The iconic Oblivion was the world's first vertical drop rollercoaster. That's a 180 feet drop, straight down!
I’m calling shenanigans on this blurb from Alton Towers, beyond the fact that it’s obviously not entirely “straight down”. I have long peered into that hole when the mist effect is light and thought “…it doesn’t look that tall”, but having thought about it a little more, I’m convinced we have been fed a big fat whopper for several years.
Oblivion’s height about ground (before the hole) is apparently 65ft. Accordingly to official blurb, theres another 115ft of “drop” before the drop ceases. Doing some simple maths and rounding up, that would mean that 64% of the “drop” is underground. Or, 178% of what you see above ground, is underground. Dang!!
To anyone that has an eagle eye and viewed oblivion from the side, you can clearly see that the steepest part of the ride is above ground (i.e. before the hole). This is because at the point of going into the hole, you can see the track starting to level out.
Lets’s now look at, say, Sheikra:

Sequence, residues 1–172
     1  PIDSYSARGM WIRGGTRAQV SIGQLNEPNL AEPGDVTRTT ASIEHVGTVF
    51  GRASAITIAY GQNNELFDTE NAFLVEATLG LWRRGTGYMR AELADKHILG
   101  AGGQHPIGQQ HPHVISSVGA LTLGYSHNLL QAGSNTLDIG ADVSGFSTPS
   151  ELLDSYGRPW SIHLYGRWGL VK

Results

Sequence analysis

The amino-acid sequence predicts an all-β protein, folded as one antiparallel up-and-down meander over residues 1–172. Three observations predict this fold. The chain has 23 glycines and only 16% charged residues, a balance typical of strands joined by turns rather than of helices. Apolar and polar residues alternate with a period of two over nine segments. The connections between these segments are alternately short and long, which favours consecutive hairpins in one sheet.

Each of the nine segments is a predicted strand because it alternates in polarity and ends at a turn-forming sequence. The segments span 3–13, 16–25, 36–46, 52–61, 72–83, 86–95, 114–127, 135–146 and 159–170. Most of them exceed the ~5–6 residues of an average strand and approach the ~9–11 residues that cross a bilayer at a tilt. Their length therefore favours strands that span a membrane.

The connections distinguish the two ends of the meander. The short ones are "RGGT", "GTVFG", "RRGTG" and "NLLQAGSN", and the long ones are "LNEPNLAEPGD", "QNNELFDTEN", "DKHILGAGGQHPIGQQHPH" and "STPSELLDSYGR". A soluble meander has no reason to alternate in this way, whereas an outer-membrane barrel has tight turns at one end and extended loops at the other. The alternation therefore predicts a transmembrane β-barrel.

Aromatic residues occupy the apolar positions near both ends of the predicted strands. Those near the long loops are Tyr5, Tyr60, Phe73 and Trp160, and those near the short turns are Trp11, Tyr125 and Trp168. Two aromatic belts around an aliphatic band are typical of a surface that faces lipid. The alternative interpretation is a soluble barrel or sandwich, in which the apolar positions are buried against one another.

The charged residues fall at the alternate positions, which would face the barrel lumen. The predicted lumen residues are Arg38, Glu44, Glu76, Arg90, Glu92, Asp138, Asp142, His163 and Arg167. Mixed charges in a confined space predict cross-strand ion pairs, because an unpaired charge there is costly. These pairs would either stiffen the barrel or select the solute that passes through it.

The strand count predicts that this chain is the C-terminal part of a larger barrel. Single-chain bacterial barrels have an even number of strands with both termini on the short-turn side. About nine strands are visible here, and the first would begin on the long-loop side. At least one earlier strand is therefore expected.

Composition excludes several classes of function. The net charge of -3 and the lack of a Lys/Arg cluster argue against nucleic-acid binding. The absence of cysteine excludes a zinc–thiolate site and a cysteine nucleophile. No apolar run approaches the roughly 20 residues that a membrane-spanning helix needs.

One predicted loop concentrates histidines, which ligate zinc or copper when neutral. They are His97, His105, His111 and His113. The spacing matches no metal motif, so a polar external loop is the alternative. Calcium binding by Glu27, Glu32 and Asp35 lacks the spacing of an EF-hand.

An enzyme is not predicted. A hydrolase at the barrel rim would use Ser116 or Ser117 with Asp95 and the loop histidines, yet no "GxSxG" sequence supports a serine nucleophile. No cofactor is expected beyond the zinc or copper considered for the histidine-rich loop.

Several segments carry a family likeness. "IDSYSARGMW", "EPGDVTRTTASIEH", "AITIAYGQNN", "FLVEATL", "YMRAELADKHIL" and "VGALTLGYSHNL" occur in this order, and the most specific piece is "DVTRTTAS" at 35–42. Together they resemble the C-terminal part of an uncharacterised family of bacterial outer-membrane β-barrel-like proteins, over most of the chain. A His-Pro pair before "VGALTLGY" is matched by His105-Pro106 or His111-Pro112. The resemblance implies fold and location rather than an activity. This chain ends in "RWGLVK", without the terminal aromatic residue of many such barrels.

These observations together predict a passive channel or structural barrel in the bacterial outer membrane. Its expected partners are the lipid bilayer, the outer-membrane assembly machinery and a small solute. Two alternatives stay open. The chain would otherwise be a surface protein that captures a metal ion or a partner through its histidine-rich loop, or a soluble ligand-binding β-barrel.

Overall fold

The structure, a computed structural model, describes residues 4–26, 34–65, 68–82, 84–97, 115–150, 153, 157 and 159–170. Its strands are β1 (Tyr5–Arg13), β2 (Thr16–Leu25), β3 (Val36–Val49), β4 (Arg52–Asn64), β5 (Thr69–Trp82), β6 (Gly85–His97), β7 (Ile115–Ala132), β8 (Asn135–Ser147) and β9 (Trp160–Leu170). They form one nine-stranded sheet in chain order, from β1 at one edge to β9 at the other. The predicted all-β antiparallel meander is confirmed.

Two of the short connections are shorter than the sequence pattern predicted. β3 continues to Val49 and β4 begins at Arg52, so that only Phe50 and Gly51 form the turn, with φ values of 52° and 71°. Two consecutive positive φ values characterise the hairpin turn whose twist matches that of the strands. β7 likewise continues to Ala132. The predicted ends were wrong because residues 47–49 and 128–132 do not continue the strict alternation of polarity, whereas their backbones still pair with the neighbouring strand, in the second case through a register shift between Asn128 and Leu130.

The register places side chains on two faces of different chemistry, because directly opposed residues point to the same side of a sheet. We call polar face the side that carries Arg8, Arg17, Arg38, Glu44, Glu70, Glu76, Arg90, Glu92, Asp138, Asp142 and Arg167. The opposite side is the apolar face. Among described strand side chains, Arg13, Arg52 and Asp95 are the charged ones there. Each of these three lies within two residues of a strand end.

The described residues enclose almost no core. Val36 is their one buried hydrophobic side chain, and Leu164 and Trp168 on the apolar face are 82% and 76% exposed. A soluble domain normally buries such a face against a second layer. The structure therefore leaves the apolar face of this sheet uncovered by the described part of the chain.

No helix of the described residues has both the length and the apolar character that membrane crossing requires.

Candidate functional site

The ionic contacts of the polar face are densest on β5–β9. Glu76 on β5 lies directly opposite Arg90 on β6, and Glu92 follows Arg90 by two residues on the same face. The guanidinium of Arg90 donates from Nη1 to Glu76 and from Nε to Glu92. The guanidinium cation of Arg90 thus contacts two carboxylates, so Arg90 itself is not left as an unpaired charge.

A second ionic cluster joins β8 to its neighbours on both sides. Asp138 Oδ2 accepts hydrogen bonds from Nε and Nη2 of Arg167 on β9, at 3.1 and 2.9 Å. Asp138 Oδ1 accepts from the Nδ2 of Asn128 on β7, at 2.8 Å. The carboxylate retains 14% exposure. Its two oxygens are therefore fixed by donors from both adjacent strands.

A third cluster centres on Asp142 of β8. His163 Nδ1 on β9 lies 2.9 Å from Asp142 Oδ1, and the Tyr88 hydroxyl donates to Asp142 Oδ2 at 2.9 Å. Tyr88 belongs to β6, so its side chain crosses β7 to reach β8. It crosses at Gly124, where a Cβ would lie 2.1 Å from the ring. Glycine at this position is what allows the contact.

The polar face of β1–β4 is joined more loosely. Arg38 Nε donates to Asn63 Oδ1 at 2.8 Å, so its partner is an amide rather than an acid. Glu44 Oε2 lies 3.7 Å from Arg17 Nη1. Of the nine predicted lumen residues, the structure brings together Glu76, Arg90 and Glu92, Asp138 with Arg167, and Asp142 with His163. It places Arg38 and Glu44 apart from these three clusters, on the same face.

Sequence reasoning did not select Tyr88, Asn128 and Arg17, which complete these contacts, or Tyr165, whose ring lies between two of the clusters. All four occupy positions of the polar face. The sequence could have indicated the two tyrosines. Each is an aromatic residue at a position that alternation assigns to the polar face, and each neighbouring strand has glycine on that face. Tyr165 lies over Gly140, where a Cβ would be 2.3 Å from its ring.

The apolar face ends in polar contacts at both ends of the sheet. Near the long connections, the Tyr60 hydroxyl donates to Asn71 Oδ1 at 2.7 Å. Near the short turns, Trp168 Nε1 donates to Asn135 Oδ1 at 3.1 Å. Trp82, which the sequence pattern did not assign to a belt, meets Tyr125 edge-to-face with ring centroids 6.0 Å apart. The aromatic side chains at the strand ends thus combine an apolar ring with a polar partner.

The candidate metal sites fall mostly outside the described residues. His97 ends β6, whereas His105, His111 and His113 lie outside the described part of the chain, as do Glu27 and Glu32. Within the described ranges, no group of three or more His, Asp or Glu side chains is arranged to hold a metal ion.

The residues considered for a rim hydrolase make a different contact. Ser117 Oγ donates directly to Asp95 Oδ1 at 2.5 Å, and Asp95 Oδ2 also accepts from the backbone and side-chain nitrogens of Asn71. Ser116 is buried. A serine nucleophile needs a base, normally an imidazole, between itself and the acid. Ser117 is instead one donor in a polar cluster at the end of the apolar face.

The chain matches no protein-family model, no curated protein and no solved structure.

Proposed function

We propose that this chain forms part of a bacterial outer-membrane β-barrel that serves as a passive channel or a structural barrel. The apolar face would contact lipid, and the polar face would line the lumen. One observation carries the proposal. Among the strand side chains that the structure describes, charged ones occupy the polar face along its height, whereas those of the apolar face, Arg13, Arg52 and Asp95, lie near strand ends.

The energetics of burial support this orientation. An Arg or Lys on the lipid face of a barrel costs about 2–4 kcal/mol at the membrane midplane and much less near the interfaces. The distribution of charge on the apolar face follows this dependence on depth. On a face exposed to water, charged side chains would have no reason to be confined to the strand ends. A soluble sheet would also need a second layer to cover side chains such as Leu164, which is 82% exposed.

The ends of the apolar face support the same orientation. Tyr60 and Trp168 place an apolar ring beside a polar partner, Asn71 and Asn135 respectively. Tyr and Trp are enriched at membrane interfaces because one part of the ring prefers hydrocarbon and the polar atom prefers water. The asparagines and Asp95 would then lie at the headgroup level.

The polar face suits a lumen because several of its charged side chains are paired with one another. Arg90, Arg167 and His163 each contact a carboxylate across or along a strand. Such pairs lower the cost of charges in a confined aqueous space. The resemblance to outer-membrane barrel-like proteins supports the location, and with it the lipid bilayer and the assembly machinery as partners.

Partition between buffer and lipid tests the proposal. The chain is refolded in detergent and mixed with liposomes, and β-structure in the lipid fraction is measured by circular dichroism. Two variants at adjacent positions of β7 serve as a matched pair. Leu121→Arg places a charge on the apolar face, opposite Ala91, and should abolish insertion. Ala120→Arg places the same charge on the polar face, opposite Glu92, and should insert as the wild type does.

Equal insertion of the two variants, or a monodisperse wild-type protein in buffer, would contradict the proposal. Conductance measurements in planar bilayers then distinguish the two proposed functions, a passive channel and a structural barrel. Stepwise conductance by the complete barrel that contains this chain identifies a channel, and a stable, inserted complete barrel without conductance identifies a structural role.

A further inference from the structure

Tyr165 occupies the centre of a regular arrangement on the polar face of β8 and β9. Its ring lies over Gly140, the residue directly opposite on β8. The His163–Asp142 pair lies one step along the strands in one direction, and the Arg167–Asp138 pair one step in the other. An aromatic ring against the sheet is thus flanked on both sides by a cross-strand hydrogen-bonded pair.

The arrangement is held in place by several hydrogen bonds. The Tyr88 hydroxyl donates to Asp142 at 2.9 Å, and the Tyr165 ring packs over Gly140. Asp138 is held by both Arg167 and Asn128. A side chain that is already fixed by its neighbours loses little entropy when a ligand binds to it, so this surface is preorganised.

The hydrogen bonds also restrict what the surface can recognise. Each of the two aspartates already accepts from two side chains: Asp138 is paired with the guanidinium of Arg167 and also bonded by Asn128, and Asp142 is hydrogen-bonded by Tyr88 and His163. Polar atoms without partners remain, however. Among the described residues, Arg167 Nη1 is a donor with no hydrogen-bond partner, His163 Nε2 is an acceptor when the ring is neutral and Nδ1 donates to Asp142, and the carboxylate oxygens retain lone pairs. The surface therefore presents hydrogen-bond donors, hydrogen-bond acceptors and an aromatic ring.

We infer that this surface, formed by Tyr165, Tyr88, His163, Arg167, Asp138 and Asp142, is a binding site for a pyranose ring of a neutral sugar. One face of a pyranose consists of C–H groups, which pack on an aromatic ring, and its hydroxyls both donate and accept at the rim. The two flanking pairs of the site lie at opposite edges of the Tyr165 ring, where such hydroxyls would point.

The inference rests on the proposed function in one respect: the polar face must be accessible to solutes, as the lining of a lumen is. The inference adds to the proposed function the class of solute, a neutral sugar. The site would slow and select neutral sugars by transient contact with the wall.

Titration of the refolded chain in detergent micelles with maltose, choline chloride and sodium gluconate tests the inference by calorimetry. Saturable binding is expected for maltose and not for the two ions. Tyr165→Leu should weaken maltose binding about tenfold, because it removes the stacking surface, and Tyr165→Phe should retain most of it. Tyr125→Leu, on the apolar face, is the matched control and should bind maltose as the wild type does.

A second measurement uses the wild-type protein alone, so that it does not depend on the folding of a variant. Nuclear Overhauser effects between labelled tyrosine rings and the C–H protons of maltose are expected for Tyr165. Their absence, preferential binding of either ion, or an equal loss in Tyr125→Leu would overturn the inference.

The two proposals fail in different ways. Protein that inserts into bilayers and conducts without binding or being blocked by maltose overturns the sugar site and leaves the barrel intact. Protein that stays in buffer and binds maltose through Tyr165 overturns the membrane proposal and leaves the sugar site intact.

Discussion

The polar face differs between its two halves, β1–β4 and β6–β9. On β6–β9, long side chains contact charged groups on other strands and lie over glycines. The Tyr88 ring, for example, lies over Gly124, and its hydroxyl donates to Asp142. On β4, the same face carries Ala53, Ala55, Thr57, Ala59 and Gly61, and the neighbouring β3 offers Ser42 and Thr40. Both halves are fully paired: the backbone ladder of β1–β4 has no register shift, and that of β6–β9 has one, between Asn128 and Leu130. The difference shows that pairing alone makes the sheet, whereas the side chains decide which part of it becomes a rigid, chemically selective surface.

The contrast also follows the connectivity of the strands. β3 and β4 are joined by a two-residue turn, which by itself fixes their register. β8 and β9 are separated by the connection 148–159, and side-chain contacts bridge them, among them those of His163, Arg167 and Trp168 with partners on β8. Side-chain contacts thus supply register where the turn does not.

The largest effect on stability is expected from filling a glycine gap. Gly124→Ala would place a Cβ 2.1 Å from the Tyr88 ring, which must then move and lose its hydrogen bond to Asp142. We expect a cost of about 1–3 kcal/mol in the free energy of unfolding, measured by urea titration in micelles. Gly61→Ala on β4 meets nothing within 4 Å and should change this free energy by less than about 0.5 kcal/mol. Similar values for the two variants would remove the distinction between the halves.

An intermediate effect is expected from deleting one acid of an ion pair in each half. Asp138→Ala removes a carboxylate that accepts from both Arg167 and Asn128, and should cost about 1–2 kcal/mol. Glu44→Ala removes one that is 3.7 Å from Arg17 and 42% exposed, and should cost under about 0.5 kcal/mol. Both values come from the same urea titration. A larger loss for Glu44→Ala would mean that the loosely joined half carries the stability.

On every image of this and other dive coasters, the lowest part of the steepest track always seems to be approximately half-way down the drop.
So for Oblivion’s drop, which as far as I can tell from looking at it is no different, this doesn’t make sense. It’s it’s 65ft above ground, the true drop in height (from heights point to lowest point) would only be ~130-140ft.
I have a theory: is the “180 foot drop” on Oblivion the length of the track from the tallest point of the drop to the lowest point? Looking at the image of Sheikra, that seems to make sense - the movement forward would boost the “drop” by an approximate amount that would add up to 180 ft, by my crude calculations.